Kagome metal-organic framework

Dhaneesh Kumar has extensively studied the on-surface properties of the DCA molecule for his PhD. After getting a good handle on just the DCA on Ag111, we started sprinkling some Cu atoms into the mix.

We observed the same honeycomb kagome structure that forms on Cu111– as seen in an ncAFM force volume shown in the right image. It has also been synthesized on graphene.

The key difference we observed on Ag111 was the Kondo effect, an STS peak at Fermi we tracked up to 150 K!

The consistent spatial distribution of this feature across the MOF was another key observation.

ncAFM force volume of DCA (structure superimposed upper right) self-assembly on Cu111 surface. dZ denotes lift of sensor away from surface for each frame.

Bernard put in the hard yards with DFT/ +U calculations in conjunction with mean-field Hubbard modelling to rationalise our experimental observations as strong Coulomb interactions between electrons within the kagome MOF.

STS maps
dI/dV STS mapping at biases indicated upper left
DCA Cu Kagome schematic
Schematic of Kondo screened spin moments within the MOF. Blender by Dhaneesh

We’re excited by the possibilities for solid-state architectures to offer further access & control of these intriguing quantum states.

Kumar, D., et. al. (2021). Manifestation of Strongly Correlated Electrons in a 2D Kagome Metal–Organic Framework. Advanced Functional Materials, 2106474. https://doi.org/10.1002/adfm.202106474

ArXiv link
FLEET blog

Concerted Proton Transfer

We stumbled on a very curious observation in the summer of 2018 with DABQDI molecules provided by Olivier Siri‘s team.

ncAFM image of 26 molecule chain. Unfiltered data.
STM chain manipulation
Repeated manipulations with STM tip are capable of dragging a DABQDI chain around the Au111 surface.

While evaluating its experimental suitability for 1d coordination with metals, which has already proven to be fruitful, we noticed the molecules forming chain-like structures even before we introduced metal adatoms.

The low temperature SPM results are sublime: unusual mechanical stability, distinctive intermolecular bonding, and near-Fermi electronic states lighting up at the ends of the chains.

It took an extraordinary cast of theorists hailing from Pavel’s core group, FZU, Charles, Reykjavik, & Madrid Universities to unravel this puzzle and explain these observations as concerted proton tunneling causing a delocalization of electrons.

“Significance of Nuclear Quantum Effects in Hydrogen Bonded Molecular Chains”, ACS Nano, 2021. 10.1021/acsnano.1c02572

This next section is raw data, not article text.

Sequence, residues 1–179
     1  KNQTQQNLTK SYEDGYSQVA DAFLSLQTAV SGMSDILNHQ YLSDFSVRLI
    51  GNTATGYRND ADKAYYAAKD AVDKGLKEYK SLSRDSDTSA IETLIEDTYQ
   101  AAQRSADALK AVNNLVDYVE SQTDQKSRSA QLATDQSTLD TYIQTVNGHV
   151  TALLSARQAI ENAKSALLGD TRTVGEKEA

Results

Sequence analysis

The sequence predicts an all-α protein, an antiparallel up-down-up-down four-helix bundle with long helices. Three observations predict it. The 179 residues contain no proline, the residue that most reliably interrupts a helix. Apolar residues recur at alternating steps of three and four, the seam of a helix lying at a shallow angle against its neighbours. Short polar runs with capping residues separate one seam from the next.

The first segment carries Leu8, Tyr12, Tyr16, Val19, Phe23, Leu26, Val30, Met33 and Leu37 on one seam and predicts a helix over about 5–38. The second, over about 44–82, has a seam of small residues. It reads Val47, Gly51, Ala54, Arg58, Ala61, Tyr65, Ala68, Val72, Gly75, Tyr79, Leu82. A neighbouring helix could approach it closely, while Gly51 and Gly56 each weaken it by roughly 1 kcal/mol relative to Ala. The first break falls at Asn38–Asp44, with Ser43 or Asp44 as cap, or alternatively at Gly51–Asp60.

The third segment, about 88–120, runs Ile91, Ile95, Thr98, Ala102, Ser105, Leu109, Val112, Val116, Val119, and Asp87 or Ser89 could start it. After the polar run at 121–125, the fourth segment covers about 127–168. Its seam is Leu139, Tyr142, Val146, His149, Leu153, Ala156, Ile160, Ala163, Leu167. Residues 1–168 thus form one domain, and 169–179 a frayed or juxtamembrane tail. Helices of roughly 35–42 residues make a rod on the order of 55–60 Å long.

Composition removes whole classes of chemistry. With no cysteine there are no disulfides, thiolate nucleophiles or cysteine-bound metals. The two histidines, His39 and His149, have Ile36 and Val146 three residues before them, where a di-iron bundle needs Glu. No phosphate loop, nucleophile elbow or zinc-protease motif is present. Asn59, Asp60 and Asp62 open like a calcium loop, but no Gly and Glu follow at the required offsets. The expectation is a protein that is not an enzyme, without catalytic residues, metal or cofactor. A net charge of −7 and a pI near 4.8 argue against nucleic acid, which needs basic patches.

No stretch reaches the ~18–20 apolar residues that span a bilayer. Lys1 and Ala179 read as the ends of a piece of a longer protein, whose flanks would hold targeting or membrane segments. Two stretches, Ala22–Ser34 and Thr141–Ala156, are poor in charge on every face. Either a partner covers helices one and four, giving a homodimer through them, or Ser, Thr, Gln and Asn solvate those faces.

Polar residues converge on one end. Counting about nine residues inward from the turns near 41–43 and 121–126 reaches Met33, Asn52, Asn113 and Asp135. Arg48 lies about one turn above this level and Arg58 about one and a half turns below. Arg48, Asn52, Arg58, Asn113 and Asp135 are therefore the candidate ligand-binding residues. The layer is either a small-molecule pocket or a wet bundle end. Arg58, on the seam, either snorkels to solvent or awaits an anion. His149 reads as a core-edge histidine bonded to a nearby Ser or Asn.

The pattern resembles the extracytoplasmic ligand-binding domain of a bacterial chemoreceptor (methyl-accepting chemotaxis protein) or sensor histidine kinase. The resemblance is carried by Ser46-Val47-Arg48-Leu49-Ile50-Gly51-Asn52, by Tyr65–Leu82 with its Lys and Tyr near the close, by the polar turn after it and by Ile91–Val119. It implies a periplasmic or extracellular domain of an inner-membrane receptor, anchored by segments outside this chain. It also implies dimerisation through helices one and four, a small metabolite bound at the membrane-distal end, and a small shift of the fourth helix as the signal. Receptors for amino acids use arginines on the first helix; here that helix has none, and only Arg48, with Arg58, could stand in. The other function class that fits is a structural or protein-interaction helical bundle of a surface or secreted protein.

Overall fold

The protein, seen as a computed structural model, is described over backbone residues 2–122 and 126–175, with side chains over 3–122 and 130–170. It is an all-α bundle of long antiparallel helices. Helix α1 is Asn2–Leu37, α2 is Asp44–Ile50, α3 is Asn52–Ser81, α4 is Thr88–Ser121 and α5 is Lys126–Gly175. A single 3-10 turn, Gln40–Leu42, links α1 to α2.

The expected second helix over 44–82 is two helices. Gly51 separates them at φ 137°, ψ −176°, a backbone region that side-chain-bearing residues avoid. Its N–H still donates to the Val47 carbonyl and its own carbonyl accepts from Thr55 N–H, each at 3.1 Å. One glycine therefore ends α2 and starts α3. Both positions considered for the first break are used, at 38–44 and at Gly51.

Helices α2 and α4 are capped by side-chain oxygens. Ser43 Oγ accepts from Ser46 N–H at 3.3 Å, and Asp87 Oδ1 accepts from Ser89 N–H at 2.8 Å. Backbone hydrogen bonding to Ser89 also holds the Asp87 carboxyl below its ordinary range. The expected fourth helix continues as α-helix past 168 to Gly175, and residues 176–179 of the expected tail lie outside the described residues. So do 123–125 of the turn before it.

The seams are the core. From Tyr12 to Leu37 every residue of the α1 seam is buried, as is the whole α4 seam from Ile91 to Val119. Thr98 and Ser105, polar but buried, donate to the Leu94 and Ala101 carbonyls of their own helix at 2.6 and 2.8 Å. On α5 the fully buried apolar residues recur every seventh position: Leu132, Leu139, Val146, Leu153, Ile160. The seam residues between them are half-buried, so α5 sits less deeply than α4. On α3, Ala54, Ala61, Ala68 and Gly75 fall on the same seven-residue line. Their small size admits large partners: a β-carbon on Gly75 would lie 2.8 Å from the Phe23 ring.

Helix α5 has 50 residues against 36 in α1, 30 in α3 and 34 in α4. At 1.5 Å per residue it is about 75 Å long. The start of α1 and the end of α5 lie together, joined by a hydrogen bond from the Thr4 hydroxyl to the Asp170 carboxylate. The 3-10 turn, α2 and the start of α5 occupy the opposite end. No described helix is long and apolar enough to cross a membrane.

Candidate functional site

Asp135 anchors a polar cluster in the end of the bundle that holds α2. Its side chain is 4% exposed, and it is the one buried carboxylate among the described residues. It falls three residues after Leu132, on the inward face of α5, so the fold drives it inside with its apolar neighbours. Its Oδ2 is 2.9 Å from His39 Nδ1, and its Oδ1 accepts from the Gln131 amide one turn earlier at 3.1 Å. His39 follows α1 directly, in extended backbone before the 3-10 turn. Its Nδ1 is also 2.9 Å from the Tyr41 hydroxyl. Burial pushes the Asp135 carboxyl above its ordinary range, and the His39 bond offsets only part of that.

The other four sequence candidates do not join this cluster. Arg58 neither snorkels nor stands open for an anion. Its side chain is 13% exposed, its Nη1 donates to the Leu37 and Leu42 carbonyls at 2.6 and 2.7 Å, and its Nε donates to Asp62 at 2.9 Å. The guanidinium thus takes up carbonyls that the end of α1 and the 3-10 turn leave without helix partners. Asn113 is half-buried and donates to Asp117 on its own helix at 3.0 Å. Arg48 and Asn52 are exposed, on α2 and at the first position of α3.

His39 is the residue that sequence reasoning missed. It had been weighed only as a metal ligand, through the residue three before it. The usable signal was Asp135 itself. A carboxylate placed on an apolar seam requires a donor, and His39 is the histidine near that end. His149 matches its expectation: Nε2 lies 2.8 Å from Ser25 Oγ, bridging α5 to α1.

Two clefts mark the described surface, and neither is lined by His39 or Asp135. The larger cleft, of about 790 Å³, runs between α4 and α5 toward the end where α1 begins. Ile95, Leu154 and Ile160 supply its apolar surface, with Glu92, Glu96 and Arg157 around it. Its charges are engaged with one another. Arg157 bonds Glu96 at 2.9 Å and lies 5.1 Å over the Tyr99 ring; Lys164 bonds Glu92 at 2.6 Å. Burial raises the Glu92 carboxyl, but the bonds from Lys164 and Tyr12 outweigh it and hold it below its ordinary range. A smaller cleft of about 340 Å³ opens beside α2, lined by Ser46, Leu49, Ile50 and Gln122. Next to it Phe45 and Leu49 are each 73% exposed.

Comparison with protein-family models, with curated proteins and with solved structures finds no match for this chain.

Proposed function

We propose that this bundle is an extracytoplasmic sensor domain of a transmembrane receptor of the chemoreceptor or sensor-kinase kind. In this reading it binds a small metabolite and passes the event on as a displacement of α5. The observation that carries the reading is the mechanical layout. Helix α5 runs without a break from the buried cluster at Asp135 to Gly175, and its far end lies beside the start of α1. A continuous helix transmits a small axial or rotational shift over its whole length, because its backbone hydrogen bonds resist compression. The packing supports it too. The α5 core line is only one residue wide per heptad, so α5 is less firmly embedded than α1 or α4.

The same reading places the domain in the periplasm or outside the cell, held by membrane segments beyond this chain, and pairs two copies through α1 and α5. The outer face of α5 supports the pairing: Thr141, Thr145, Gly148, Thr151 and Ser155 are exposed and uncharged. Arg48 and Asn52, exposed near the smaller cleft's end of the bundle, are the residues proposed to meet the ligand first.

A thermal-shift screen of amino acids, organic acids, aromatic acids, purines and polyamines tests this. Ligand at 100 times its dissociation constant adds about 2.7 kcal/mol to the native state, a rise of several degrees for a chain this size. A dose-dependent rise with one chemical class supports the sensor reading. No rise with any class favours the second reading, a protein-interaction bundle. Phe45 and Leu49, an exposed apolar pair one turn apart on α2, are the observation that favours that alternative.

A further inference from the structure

ArXiv link

MgPc-MgPc Hybridization

ncAFM atomic registration of MgPc molecule on Ag100
nc-AFM atomic registration of single MgPc molecule on Ag100 (surface atoms top and bottom stripes)

Marina Castelli studied the phthalocyanine containing magnesium (MgPc) via 5K scanned probe microscopies extensively during her PhD.

‘Routine’ STM characterisation showed that the molecules were interacting with one another on the Ag100 surface.

ncAFM showed identical contrast for all molecules, pointing to an electronic origin to the observed changes in appearance.

Our key observation was to track the shape of the occupied LUMO for different pairwise distances, an electronic feature that otherwise remained isoenergetic.

With multipass dI/dV mapping we were able to quantitatively track from four- to two-fold rotational symmetry, over distances out to ~3 nm. We found the spatial extent of this attractive hybridization quite surprising.

“Long-Range Surface-Assisted Molecule-Molecule Hybridization”, Small (2021). 10.1002/smll.202005974

ArXiv link

STM image of MgPc molecules on Ag100 surface
STM image showing the neighbor-induced symmetry reduction

Thin-film Dirac semimetal review article

Iolanda DiBernardo reviewed the development of Na3Bi as a topological electronic material.

The physics of Dirac semimetals (“3d graphene”) is introduced, and the results from the last half decade are tied together in one narrative, in particular our work at Monash demonstrating that Na3Bi grows directly on insulators, and that indeed an electric field will open a topological gap, two key ingredients to achieving a working “topological transistor”.

“Progress in Epitaxial Thin‐Film Na3Bi as a Topological Electronic Material”, Advanced Materials, 2021. 10.1002/adma.202005897